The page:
How a flood in the Himalayas destroyed everything in its path
Disaster in the Himalayas
How a landslide sent a deluge of water, rocks and debris surging down
High in the Indian Himalayas, a large mass can be seen clinging to the steep face of Raunthi peak, one day before disaster struck. The image was taken by Planet Labs and merged with a 3D model of the area built by Reuters.
Detailed satellite imagery taken the following day by Planet Labs shows the missing chunk of rock or ice and reveals some of the initial aftermath.
This event is what is believed to have sent a destructive torrent of rocks, dust and ice that travelled 1,500 metres from near the peak down the valley, causing deadly flash floods.
Base satellite image by Planet Labs; Digital Elevation data by SRTM, NASA; modeling by Reuters.
The landslide happened on Feb. 7 some 20 kilometres west of Nanda Devi, India’s second-highest peak, and resulted in a flash flood that authorities say killed more than 200 people, destroyed villages, and swept away two hydro-electric projects.
Avalanches and flash flooding in the Himalayas are common during summer and monsoon months, as melting snow and heavy rains combine. But incidents like this are rare so early in the year, alarming scientists studying climate change that is rapidly heating the world’s highest mountains.
Experts are still studying the details of exactly what happened, but detailed satellite imagery helps to build a comprehensive picture of the events that unfolded.Scientists said heavy snowfall followed by bright sunshine led to snow-melt in the area. That could have triggered a chain reaction that led to the avalanche and heavy flow of ice, water, rocks and debris surging down the Dhauliganga river valley. While at least 70 bodies were recovered, the state government has formally declared that another 136 people missing are presumed dead.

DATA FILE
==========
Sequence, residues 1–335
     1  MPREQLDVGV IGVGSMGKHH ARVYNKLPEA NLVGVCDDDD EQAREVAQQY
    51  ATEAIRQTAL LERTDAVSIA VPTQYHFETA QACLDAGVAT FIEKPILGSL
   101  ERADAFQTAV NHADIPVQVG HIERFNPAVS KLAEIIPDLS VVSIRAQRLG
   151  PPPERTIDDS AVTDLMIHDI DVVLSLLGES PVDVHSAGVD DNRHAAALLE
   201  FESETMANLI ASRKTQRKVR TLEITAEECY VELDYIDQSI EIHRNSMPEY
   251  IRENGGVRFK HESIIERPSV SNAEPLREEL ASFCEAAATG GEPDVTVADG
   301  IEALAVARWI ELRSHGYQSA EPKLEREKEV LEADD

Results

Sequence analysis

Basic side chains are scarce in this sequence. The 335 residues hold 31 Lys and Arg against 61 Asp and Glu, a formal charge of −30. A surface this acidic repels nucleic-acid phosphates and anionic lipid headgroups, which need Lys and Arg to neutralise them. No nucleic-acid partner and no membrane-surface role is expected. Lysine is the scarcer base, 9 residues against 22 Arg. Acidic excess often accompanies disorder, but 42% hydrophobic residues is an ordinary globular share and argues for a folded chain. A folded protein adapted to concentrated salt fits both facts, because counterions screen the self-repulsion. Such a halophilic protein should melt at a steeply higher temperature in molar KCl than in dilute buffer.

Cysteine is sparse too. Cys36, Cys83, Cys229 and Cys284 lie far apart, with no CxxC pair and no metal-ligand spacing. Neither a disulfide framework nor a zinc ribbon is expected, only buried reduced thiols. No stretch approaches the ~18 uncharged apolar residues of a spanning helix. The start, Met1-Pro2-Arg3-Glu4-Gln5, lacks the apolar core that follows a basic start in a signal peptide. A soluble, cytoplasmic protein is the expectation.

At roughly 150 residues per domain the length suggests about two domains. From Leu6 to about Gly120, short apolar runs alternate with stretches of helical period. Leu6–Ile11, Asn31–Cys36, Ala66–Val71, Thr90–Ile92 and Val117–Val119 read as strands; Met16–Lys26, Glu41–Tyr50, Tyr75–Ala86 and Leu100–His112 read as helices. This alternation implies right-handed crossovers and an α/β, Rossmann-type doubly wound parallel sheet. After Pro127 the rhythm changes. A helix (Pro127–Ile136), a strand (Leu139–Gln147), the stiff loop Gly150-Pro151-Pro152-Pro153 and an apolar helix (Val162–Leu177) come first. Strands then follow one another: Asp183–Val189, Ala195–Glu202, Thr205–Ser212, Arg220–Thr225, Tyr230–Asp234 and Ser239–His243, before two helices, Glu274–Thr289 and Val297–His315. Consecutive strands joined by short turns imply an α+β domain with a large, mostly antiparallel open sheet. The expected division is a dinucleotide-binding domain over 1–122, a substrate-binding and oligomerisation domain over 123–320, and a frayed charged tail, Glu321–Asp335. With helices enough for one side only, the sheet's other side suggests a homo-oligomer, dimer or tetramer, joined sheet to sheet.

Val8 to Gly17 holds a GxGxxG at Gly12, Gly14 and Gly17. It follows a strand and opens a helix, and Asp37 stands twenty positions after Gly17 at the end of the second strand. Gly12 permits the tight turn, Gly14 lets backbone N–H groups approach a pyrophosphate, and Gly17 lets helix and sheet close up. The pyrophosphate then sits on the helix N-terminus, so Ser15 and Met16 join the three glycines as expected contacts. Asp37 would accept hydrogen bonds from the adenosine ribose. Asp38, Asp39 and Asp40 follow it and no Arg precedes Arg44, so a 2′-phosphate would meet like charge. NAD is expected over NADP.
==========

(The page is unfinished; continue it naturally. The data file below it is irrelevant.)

“The area witnessed a heavy snowfall and then solar rays [sunshine] resulted in the melting of ice,” said Ravi Chopra, director of the non-profit People’s Science Institute in Uttarakhand state, where the incident took place.
Dave Petley, Professor of Geography at The University of Sheffield, told Reuters there was a reduction in the amount of snow, which could have helped trigger the landslide, but not enough to cause downstream flooding.
“There was clearly a thaw event happening at the time of the landslide. But this looks to be superficial snow only, not large volumes.”, said Petley, who studies landslide events.
A deluge of debris and water
Satellites captured images of the torrent of water, rocks and debris barrelling down the valley. The images below from Planet Labs show the entire valley on the day of the disaster and provide more evidence of what unfolded.The dust plumes show how extensive the landslide was.
Much of the damage downstream was caused by a torrent of water making its way through the valley.Initial news reports suggested this was due to a Glacial Lake Outburst Flood (GLOF) - a sudden release of water from a glacier resulting in a rapid downstream flow. But Prof. Petley disagreed. “This event was definitely not a GLOF - there is no evidence of a breached glacial lake,” he said. “We know for certain that a large block, consisting mostly of rock but with some ice, detached from the mountainside.”
“It remains possible that there was considerable buried ice in the valley floor that was picked up and melted, but only fieldwork would tell us the answer,” he said.It remains unclear where the large volume of water which caused the flooding originated. Fieldwork by the Indian government is ongoing.
The Dhauliganga River valley bore the brunt of the flooding. As the debris raced through the valley it reached as far as Joshimath, an important military outpost for the Indian army and a religious site for Hindus.